Wild brown with a trico stuck right in the corner of his mouth

A few awesome pools flowed through the open stretch I fished.

log jam pool in the Driftless AreaI hiked way upstream to the confluence with a small spring creek where I found a sweet pool where the currents swirled together. I took a few trout in the big confluence pool on the nymphs. I ended up losing the nymphs and just fished the Stimmy. A feisty brown surprised me by smashing the big dry right in the riffle, a great way to end the morning.

The confluence pool

The confluence pool

This weekend was amazing. It was great to finally hit the Root and sample some of the excellent trout fishing it offers, especially the legendary trico hatch. There’s nothing like a solid weekend of relaxing and trout fishing in the Driftless.

Fall and hunting season is coming up quickly…should be a great season!

Secret Waters: Fly Fishing the Driftless Backcountry

As we started the hot, demanding hike down the steep canyon walls, I wondered if it would be worth it. I’d been here only once before, and caught brown trout, but that was in the cool weather of September when the trout were quite active, not the smothering heat of a July afternoon. Other rivers around here shut down in the midsummer heat, and I was worried I might find a similar situation down in the valley. But the thought of having a beautiful stretch of water all to ourselves was enough to make up my mind.

Most people don’t think of the Driftless Area having a “backcountry”. It’s certainly not the vast tracts of unbroken wilderness you’d find out West, but there are definitely remote, unpressured waters deep in the Driftless wilderness that seldom see a fly or a fisherman. A few have trails, but most require an often difficult bushwack down steep bluffs and through fields of stinging nettles. The best trout streams (the ones that are full of fish but void of fisherman) seem to guard themselves with their natural surrounding. Driftless creeks are protected by sizzling nettles and limestone cliffs and arduous hikes. Which is fine by me. Keeps out the gunnysackers and the casual fisherman, leaving it only to the dedicated angler that respects the waters.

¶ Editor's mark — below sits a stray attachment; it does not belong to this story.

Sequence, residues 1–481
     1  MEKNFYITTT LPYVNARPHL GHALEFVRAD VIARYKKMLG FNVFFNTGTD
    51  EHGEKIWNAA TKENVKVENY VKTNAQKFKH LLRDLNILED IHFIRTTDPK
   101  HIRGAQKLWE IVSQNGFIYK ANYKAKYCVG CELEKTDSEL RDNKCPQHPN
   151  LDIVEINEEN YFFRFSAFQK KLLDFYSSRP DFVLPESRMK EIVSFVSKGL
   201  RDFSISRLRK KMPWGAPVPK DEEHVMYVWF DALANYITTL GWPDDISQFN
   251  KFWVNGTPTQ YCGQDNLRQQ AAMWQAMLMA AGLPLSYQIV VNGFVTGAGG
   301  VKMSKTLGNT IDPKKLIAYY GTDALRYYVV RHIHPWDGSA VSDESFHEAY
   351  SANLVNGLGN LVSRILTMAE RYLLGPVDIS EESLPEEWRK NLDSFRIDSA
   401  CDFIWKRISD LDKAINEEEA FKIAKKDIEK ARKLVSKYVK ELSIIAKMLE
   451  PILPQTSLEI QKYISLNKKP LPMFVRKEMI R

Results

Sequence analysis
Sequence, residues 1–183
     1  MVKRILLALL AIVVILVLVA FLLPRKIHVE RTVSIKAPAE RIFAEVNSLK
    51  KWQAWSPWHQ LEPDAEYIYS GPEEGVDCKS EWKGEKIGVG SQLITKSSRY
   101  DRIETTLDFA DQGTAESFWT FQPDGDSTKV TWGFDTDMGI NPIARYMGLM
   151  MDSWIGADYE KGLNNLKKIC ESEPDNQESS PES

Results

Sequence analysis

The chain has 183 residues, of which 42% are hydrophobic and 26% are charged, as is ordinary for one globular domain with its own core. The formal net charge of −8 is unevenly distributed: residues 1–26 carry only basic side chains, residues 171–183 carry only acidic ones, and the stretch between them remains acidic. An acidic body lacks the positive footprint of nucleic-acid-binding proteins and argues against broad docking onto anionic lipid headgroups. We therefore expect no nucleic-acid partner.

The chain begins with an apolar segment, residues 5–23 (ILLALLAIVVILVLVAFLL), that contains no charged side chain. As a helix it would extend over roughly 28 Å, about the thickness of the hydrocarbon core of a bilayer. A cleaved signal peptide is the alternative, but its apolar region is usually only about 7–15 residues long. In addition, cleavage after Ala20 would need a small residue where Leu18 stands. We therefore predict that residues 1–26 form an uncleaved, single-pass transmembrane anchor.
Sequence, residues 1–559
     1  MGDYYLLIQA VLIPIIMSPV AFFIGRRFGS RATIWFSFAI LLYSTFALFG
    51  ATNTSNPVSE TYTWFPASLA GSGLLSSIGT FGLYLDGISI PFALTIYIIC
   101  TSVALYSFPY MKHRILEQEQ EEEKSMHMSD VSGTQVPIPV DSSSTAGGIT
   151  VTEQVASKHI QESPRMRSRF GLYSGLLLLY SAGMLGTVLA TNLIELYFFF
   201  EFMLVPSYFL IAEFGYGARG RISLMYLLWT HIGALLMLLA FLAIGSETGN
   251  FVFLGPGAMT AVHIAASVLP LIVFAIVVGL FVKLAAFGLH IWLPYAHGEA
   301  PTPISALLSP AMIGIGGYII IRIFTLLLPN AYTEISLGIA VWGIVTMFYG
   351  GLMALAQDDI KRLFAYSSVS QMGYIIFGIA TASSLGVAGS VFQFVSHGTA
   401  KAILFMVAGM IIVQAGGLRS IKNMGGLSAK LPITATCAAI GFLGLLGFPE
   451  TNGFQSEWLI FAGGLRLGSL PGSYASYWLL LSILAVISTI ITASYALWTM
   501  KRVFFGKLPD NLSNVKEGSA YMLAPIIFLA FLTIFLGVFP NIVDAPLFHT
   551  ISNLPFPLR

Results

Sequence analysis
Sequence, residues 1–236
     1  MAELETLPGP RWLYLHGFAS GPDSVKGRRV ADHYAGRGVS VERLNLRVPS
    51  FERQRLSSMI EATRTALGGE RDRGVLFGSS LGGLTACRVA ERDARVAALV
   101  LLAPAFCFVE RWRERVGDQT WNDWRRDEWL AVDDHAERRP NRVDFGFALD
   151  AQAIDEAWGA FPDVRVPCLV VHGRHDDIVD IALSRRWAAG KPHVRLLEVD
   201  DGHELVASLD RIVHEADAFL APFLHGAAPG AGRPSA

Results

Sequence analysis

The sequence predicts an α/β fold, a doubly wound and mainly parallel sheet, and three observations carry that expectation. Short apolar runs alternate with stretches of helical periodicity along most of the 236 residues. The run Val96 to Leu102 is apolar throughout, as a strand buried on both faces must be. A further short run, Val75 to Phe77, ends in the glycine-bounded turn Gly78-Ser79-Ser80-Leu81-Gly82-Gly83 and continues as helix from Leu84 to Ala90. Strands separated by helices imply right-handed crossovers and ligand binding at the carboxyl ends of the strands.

Rugged country

Rugged country

The goal of our mission today was to further explore a stretch of backcountry creek and hopefully find a bunch of eager wild brown trout. Busting through the thick brush, we started our descent into the canyon and soon found ourselves on a small feeder creek studded with beaver ponds. Some spots looked very trouty for a small stream, especially for a creek way back in the sticks, but a quick stream temp read 68 degrees, a bit warm for shaded water in the morning. Further downstream the creek looked more promising as a few small springs poured into the stream, but I was hungry for the main river, so I decided to keep the rod in the pack. We pressed on through the valley, and after an hour emerged around the ridge to find the main river. It was gorgeous, one of the prettiest pieces of water I’ve ever laid my eyes on. The stream, about twenty feet wide, flowed turquoise blue with just enough stain to create the perfect conditions for fishing. It rushed through riffles and over boulders, carving its way through the rugged valley, occasionally forming the deep, dark cliff pools found mostly in a trout fisherman’s dreams. A few trout were gently rising in the big cliff pool. The best part was we had it all to ourselves. There wasn’t even a sign of other fisherman in the pristine valley. It was a trout fisherman’s heaven!

Cliff pool on a feeder creek

Cliff pool on a feeder creek